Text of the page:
- Global climate change is a natural process that currently appears to be strongly influenced by human activities, which increase atmospheric concentrations of greenhouse gases (GHG), in particular carbon dioxide (CO2), methane (CH4) and nitrous oxide (N2O). Agriculture contributes about 20% of the world's global radiation forcing from CO2, CH4 and N2O, and produces 50% of the CH4 and 70% of the N2O of the human-induced emission. Interest is increasing among land managers, policy makers, GHG emitting entities, and carbon (C) brokers in using agricultural lands to sequester C and reduce GHG emission. Precise information is lacking, however, on how specific management practices in different regions of the world impact soil C sequestration and the mitigation of GHG emission. In 2002, the USDA Agricultural Research Service (ARS) developed a coordinated national research effort called GRACEnet (Greenhouse gas Reduction through Agricultural Carbon Enhancement network) to provide information on the soil C status and GHG emission of current agricultural practices, and to develop new management practices to reduce net GHG emission and increase soil C sequestration primarily from soil management. Managing Agricultural Greenhouse Gases synthesizes the wealth of information generated from the GRACEnet project in over 30 ARS locations throughout the US and in numerous peer-reviewed articles. Although GRACEnet is an ARS project, contributors to this work include a variety of backgrounds and reported findings have important international applications. For example, many parts of the world possess similar ecoregions to the U.S. (e.g., northern Great Plains is similar to the Argentina Pampas and Ukraine Steppe). Such similarities expand the appeal of this exciting new volume to a wide international readership. Frames responses to challenges associated with climate change within the geographical domain of the U.S., while providing a useful model for researchers in the many parts of the world that possess similar ecoregions Covers not only soil C dynamics but also nitrous oxide and methane flux, filling a void in the existing literature Educates scientists and technical service providers conducting greenhouse gas research, industry, and regulators in their agricultural research by addressing the issues of GHG emissions and ways to reduce these emissionsSynthesizes the data from top experts in the world into clear recommendations and expectations for improvements in the agricultural management of global warming potential as an aggregate of GHG emissions.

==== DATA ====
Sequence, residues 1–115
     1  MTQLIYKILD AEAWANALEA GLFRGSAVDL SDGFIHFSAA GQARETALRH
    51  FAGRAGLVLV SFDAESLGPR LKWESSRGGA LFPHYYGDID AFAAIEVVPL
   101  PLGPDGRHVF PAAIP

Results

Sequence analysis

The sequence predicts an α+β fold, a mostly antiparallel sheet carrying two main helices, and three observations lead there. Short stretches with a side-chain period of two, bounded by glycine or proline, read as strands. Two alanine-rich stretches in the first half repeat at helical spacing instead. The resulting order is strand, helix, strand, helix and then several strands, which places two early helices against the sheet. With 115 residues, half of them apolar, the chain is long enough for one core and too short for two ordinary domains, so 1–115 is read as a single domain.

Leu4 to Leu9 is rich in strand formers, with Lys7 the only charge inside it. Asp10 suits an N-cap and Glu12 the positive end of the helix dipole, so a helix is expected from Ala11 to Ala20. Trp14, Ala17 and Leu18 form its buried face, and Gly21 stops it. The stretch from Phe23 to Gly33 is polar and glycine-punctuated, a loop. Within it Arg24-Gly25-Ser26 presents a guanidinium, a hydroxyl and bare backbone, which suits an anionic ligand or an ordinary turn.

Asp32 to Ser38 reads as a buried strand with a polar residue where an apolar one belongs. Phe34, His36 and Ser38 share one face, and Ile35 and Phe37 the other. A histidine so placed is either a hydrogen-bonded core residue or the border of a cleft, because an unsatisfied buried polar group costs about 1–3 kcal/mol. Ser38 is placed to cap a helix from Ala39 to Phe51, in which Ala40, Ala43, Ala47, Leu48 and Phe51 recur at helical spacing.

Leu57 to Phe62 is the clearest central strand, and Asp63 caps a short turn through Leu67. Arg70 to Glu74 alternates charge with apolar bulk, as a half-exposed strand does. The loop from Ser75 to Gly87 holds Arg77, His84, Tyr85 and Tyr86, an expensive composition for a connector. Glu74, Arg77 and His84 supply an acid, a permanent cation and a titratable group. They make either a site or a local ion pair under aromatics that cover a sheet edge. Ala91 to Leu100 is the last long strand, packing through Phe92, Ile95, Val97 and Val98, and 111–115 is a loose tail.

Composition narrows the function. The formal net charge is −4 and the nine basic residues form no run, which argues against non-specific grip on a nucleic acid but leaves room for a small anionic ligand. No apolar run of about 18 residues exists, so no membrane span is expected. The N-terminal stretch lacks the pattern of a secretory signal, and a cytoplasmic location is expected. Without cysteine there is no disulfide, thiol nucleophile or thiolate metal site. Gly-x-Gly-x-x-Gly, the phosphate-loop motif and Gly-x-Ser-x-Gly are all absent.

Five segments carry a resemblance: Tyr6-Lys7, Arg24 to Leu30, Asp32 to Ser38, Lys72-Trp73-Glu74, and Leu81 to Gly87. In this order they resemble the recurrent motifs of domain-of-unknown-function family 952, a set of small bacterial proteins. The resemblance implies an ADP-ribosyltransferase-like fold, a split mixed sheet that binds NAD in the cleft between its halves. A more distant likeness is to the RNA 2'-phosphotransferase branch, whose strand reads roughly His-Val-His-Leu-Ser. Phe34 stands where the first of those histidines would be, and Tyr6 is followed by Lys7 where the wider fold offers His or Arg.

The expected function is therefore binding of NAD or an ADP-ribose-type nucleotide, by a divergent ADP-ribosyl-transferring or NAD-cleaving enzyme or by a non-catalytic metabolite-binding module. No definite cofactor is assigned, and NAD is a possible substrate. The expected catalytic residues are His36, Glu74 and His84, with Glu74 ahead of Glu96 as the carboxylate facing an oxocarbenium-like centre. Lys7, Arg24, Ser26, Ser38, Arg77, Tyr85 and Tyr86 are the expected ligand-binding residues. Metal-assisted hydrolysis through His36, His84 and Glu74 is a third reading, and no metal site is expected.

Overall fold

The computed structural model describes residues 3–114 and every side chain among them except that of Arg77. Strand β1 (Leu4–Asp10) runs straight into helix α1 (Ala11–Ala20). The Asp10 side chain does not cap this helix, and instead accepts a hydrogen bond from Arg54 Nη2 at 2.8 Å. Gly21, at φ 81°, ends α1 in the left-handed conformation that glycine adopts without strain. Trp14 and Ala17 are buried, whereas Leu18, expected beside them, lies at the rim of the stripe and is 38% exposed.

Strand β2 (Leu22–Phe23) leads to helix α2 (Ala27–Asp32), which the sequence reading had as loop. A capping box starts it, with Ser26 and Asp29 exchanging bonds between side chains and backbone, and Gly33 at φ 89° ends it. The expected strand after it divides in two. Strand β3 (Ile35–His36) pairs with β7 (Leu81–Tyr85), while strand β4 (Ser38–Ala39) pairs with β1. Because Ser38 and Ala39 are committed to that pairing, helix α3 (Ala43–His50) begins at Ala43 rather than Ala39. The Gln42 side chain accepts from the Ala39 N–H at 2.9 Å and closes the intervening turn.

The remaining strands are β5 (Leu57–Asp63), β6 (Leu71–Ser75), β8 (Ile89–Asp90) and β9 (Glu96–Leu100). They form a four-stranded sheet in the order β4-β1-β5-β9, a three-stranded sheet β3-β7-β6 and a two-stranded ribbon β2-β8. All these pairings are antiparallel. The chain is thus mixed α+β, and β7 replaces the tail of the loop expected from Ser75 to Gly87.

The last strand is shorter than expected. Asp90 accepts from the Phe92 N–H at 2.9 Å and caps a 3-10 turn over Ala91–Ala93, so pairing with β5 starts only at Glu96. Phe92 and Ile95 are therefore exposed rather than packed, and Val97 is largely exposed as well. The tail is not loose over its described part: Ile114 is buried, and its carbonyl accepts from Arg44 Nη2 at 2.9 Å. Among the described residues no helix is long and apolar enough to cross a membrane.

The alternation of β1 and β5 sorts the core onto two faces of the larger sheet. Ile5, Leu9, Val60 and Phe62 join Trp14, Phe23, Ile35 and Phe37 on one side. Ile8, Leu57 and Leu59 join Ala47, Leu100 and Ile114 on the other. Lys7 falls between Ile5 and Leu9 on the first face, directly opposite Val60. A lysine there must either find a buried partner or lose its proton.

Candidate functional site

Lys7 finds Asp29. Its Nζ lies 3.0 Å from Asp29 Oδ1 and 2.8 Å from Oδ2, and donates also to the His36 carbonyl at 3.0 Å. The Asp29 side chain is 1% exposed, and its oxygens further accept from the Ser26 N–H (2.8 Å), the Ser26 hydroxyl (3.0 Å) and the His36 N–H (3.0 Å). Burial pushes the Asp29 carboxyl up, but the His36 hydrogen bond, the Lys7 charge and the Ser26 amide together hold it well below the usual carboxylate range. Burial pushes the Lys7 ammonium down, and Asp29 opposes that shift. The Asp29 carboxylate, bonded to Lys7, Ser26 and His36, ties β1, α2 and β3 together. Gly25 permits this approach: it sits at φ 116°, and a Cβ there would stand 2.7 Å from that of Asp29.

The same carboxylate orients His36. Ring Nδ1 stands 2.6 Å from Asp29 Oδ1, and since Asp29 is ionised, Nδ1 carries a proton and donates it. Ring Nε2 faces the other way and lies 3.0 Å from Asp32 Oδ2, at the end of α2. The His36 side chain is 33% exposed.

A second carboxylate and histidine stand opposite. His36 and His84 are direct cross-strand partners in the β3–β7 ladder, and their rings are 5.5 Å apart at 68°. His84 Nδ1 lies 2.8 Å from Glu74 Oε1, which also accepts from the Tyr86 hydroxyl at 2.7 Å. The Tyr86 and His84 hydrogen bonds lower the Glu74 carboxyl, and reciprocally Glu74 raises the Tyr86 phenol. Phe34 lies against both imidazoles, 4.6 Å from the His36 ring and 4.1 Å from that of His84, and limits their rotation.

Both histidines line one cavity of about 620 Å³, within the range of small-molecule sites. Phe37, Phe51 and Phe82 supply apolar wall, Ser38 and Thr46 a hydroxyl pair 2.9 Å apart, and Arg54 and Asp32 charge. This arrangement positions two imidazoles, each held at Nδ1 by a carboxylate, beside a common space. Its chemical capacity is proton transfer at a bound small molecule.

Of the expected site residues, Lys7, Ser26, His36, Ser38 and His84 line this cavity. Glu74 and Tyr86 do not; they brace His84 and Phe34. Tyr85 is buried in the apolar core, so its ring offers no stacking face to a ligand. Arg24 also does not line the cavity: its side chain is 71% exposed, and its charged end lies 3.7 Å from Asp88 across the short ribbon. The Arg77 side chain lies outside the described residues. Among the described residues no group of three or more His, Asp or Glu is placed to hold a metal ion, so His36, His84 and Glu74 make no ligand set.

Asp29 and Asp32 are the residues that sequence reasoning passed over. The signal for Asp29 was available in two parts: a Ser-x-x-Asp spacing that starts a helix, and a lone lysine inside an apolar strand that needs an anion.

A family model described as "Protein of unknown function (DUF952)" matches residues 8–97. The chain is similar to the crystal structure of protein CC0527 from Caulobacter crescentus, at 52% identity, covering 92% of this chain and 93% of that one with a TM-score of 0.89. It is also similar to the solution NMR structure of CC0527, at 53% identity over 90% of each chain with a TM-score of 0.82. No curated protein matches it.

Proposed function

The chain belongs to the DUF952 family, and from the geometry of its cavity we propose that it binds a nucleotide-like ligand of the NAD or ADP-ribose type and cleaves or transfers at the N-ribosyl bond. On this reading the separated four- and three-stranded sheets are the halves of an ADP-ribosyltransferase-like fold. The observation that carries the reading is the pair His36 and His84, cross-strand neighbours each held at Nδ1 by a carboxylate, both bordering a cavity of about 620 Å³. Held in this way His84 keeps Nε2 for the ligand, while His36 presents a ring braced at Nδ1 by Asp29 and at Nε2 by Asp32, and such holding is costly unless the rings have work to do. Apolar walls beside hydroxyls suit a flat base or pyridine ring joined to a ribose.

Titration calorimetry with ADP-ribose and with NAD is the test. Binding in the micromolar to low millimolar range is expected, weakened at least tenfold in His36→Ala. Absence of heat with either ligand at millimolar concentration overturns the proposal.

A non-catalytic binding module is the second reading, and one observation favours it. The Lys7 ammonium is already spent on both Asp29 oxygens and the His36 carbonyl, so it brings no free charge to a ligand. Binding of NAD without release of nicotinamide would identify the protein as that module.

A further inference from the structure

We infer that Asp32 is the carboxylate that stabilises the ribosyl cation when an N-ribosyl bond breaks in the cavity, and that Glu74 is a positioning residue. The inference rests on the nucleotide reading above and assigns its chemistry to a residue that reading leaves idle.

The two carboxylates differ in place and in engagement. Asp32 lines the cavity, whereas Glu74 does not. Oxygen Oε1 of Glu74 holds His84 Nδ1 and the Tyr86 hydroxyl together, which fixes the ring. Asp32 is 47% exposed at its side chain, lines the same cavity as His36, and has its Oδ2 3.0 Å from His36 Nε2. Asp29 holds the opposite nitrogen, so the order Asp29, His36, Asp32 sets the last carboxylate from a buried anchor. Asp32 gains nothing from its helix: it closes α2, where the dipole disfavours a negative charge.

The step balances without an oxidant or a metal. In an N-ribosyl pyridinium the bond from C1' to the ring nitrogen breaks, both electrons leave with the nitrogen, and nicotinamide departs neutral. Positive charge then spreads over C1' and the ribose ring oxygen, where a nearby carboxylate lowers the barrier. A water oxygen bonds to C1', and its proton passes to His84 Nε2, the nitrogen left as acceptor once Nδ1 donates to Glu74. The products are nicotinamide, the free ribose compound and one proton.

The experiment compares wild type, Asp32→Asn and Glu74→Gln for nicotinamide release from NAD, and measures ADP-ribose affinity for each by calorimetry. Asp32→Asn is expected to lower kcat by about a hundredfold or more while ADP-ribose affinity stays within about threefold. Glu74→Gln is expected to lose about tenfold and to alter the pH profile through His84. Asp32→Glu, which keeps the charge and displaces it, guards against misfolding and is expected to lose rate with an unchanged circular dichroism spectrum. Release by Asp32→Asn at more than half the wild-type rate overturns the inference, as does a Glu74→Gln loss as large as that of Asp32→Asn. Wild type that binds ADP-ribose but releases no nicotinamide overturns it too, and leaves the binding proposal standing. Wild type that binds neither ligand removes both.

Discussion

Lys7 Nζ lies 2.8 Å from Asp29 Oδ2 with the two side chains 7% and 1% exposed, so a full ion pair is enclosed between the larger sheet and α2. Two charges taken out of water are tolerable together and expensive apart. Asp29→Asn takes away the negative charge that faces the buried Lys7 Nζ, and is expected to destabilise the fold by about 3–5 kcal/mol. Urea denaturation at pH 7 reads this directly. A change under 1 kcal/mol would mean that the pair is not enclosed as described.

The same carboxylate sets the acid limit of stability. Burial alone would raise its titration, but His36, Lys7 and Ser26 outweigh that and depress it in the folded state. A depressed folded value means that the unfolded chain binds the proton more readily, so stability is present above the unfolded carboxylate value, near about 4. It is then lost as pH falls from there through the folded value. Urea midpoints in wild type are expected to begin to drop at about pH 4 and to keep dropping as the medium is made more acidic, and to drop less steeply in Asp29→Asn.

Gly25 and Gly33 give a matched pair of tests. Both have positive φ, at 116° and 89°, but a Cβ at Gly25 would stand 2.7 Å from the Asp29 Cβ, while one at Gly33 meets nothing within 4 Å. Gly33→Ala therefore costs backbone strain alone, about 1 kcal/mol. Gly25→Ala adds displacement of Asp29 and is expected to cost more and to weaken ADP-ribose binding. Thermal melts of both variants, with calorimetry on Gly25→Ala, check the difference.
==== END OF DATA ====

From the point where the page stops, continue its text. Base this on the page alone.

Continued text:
- 9780123868978 (electronic bk.)
0123868971 (electronic bk.)
9780123868985 (electronic bk.)
012386898X (electronic bk.)
- Includes index.